Direction : I. Ahmed
Production : Red Giant Movies
Starring : Udhayanidhi Stalin, Hansika Motwani, Prakash Raj, Vivek
Music : Santhosh Narayanan
Cinematography : R. Madhi
Editing : J. V. Manikanda Balaji
An ordinary underdog lawyer from small town taking against the powerful bigwig forms the basic plot of Manithan, a remake of super hit Hindi film ‘Jolly LLB’ that starred Boman Hirani and Arshad Warsi in lead roles. Although the original version was based on a real life shocking incident of a careless billionaire running over 6 innocent daily workers who were sleeping over platform, which could be linked with the same incident that happened in Chennai before few years… Coincidentally, such an appalling event occurred in our very own Chennai and ‘Manithan’ has some correlation with the basic core.
The film is directed by Endrendrum Punnagai fame Ahmad and is produced by Udhayanidhi Stalin under the banner of Red Giant Movies. Hansika Motwani, Prakash Raj, Radharavi, Vivek, Aishwarya Rajesh and few more actors are seen in prominent roles.
The film revolves around an underdog (Udhayanidhi Stalin), who has aspired to steal the show as a lawyer, but has never been able to make it. Then comes the most powerful herculean (Prakash Raj), who can even make the judges bow down for his supremacy over argumentations. A hit and run over case that has been closed is opened up again and these contrastive characters bounce upon each other for a game of twists and turns.
The basic plot of this film itself is the biggest strength and sketching the protagonist with a hilarious touch and later with emotional punch adds up more substantiality. Yes, the original version had a stark plot of conflicting between honesty and corruption where the innocence is the sufferer. The makers of original version had clearly played with the title itself – Jolly LLB, which has a hilarious touch and in contrast, ‘Manithan’ it is something more emotional than being a comedy, especially with something linked with Superstar Rajnikanth’s yesteryear hit film. Although the first half has some lively moments, the establishment of characters itself takes a hour and we are tested with patience by point of intermission. However, the second half has some engrossing moments. A Court Room drama is supposed to have raciness overloaded, though not with fists, but with screenplay and dialogues. But here, we find everything in slow motion and too many songs, though in montage play havoc. One particular scene, where Udhayanidhi Stalin easily abuses Prakash Raj is something out of box thinking and the entire theatre breaks into laughter. The climax portion could have been a better version and what’s the point of protagonist and antagonist bringing out emotional arguments. Especially Udhayanidhi Stalin’s statement of platform dwellers looks like an intentional reflection of speaking about those welfare issues.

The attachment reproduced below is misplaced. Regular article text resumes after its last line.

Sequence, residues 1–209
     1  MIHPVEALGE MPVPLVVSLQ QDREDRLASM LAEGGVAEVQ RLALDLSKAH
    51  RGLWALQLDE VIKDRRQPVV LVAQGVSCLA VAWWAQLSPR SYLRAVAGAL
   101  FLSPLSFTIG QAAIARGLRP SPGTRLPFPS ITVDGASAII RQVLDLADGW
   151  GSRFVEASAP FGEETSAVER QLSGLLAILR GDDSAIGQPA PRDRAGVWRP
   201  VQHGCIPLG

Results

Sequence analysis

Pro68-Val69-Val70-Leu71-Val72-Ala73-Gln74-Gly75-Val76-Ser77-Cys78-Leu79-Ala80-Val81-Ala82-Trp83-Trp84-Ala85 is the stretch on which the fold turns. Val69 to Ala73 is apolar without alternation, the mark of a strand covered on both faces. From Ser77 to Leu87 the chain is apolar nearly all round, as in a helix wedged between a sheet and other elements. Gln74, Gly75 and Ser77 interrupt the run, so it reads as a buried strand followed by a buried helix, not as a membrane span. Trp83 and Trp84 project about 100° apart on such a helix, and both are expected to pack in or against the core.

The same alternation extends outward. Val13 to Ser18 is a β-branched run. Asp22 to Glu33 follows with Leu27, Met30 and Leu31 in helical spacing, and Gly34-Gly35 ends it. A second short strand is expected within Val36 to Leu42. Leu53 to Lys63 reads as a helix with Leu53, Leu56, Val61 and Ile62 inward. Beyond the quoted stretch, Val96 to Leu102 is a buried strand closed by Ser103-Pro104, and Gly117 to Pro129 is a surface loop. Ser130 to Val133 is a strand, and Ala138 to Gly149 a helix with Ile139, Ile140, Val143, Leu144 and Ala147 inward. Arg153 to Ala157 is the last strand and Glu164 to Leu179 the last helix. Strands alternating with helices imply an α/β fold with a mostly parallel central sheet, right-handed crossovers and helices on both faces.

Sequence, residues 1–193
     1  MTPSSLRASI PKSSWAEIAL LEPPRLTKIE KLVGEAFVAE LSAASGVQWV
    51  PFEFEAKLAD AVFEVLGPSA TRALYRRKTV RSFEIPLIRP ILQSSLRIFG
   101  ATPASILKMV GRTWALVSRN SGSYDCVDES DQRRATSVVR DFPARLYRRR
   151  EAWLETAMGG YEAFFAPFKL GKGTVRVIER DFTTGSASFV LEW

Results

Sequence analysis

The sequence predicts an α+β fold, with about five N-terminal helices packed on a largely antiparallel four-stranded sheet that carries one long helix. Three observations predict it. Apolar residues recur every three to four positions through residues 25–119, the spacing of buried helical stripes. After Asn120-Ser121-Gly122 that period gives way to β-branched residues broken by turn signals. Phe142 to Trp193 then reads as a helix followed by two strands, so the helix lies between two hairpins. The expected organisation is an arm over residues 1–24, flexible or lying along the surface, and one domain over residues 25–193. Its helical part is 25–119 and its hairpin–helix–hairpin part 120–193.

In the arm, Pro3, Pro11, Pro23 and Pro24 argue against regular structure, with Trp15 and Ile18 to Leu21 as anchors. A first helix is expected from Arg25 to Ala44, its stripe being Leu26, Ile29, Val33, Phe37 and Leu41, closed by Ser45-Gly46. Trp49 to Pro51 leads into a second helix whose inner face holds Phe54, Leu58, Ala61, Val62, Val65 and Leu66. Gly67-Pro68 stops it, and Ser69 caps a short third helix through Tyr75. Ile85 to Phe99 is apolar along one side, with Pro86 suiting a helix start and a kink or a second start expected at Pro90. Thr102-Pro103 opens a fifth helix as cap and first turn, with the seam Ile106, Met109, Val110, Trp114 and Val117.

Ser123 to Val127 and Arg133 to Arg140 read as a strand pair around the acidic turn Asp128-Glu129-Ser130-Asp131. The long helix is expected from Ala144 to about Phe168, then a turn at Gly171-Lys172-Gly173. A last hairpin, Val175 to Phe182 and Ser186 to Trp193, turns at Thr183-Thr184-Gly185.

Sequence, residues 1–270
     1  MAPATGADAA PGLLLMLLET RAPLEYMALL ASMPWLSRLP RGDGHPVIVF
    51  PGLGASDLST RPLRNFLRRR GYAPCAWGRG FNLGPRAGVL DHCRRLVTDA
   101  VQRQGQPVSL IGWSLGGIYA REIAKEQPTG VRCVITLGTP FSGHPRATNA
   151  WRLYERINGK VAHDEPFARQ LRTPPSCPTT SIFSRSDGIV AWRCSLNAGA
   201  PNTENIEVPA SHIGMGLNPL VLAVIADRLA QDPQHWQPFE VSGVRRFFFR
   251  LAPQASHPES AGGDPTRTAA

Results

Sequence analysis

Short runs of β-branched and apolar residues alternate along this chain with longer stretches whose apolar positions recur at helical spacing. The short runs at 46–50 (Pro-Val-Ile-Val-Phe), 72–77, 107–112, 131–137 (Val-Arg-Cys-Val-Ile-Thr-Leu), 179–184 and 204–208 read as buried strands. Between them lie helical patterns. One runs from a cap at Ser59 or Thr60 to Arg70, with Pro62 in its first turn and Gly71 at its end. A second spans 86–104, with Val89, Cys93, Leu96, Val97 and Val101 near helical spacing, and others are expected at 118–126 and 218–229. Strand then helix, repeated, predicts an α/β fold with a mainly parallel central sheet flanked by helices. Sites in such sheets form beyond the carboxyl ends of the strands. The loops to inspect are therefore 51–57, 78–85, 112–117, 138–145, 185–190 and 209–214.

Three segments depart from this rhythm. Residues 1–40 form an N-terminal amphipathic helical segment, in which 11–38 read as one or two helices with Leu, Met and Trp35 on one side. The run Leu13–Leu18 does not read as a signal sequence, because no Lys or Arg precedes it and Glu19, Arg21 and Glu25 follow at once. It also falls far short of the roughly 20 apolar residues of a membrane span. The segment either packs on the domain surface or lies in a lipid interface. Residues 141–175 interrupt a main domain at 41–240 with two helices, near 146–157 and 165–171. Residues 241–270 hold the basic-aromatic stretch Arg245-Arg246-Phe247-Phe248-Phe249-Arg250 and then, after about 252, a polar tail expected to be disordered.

Udhayanidhi Stalin has been trying with all his best efforts to experiment with newfangled genres and roles. In fact his previous film ‘Gethu’ was one such illustration, which was a much different one from his erstwhile comedy capers. But in many sequences, he could have scored much more than what he has done now. Slow motions and background score are always included to empower his heroism on emotional ground, but he could have made it even without them. Hansika Motwani lives up to the expectations, but her portions add the sluggishness to the script and she repeatedly seen consoling Udhayanidhi turns us more restless after a certain extent. Prakash Raj is awe inspiring and he is as same as the one who kept us high on laughter as a baddie in Vasool Raja MBBS. Radharavi simply proves his wizardry again with his neat and extraordinary performance as a judge. His characterization is shown as a much casual and unpredictable dimension till the end. Vivekh adds up the humorous quotients and gets away with good applause. The best of all appreciative humorous portions is the one that involves the clash between Prakash Raj and Udhayanidhi Stalin in second hour. Aishwarya Rajesh looks too artificial for the role of a journalist and she moreover looks like model with makeup all the time.
Prakash Raj and Radharavi
What doesn’t work?
Overall, Manithan holds a substantial plot and if it was presented with a much crisp and racy mode, it would have been more special for the audiences than what it is now as a middling show.
Verdict : Humorous and Emotional in places, but too lengthy
Rating : 4.5/10
It has become a predominant factor in the recent times, where the producers and directors are highly...
Following couple of different attempts in ‘Gethu’ and ‘Manithan’, Udhayanidhi Stalin is back with...
Having spelled up a mammoth performance in negative role in Udhayanidhi Stalin’s Manithan, Prakash...